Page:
IN 1988 when Steffi Graf became the only tennis player to win the golden slam of all four major tournaments plus the Olympic Games, she was 19.
When Shane Warne announced himself by coinciding his first Ashes delivery with the ball of the century, he and Graf were both 23.
And when Michael Schumacher won his seventh formula one world title, he, Graf and Warne were all 30.
Three world-beating athletes from vastly contrasting sports, two played with apple-sized balls, the other needing them.
What unites them is having all arrived on the planet in 1969.
Being the same age gave me an extra interest in following their careers and lives.
So it came with a daunting sense of mortality to hear of Schumacher's skiing accident in the exclusive French resort of Meribel last December which has left him in a coma ever since.
Sporting champions tend to live roller-coaster existences, with few better examples than Warne.
But Schumacher seemed to be a natural at staying on the straight and narrow, ironic really for one so skilled at high-speed cornering.
Which made it all the more tragic that after surviving unscathed for 21 years in one of the most dangerous of sports, he should be struck down in another he was doing for pure enjoyment.
The prognosis for Schumacher has not been good.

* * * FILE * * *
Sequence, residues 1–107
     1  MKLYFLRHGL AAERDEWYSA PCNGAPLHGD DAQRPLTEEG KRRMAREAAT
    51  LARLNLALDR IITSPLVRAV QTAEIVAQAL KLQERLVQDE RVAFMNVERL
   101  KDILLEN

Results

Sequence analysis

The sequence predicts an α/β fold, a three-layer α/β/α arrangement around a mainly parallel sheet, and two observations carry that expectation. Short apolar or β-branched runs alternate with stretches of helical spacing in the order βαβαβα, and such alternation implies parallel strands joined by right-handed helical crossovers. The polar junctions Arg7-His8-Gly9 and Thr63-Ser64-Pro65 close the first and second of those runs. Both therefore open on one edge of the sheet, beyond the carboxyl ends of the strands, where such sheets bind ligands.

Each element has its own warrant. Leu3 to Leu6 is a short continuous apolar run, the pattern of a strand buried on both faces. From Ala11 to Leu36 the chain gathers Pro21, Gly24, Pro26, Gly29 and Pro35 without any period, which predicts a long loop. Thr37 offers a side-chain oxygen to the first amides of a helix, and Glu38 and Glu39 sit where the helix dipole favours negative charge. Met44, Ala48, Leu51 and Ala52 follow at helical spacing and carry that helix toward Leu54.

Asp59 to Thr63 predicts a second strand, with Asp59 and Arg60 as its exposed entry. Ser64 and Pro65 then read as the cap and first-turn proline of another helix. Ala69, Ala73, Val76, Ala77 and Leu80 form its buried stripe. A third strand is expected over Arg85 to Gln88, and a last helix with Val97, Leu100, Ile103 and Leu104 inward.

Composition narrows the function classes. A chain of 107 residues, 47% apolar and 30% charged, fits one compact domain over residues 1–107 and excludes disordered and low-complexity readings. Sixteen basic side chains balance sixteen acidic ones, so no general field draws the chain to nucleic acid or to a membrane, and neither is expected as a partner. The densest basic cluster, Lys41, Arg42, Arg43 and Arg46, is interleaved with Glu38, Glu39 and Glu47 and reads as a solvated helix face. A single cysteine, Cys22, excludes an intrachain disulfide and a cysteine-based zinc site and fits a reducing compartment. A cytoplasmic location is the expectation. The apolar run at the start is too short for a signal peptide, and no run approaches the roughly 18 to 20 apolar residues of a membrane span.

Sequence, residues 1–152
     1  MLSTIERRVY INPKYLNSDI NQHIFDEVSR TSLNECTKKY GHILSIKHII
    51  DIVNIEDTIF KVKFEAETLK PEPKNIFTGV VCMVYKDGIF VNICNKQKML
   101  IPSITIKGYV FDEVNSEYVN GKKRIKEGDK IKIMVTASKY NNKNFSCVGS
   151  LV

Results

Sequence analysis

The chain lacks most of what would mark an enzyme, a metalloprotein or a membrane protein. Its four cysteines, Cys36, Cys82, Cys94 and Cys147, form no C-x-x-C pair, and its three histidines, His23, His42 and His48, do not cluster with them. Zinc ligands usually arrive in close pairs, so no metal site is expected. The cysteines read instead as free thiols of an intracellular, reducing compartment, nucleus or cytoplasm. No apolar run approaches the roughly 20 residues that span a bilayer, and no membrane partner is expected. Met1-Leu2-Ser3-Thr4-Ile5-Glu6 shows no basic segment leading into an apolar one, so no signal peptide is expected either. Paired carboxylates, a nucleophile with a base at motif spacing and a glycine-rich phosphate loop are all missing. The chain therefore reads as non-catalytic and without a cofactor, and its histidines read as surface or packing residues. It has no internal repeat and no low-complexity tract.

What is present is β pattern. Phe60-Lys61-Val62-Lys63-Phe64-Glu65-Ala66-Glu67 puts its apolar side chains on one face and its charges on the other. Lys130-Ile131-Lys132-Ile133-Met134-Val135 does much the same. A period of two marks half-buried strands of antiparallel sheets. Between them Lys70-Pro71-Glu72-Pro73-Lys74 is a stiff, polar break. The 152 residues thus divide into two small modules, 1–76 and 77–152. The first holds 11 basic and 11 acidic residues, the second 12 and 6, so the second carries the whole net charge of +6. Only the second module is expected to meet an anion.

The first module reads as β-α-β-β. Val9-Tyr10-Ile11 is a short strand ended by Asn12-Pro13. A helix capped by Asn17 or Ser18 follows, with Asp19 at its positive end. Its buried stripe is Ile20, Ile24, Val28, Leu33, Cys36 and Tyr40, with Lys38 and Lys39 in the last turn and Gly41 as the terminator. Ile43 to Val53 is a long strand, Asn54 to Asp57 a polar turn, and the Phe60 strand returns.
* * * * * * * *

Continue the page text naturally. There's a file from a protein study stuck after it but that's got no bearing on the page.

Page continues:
His official condition of "critical but stable" has not changed in months.
Former formula one chief doctor Gary Hartstein said fans should prepare themselves for the worst news, admitting that the longer it takes, the less likely it is that the 45-year-old will recover.
Then, last week, Schumacher's manager Sabine Kehm said attempts to awaken him in his Grenoble hospital had produced "moments of consciousness".
The German's driving achievements are nothing short of extraordinary.
Among his numerous F1 records are most championships, race victories, fastest laps, pole positions and wins in a season (13 in 2004).
He is the only driver to finish in the top three in every race of a season (2002), he has achieved the most consecutive podium finishes and, according to the F1 website, is "statistically the greatest driver the sport has ever seen".
Less well-known is that he is an ambassador for UNESCO, a spokesman for driver safety and has donated tens of millions of dollars to charity.
He has been a champion on and off the track, and it is a trait of champions to pull through when all hope seems lost.
It can only be hoped that Schumacher's greatest victory remains ahead of him.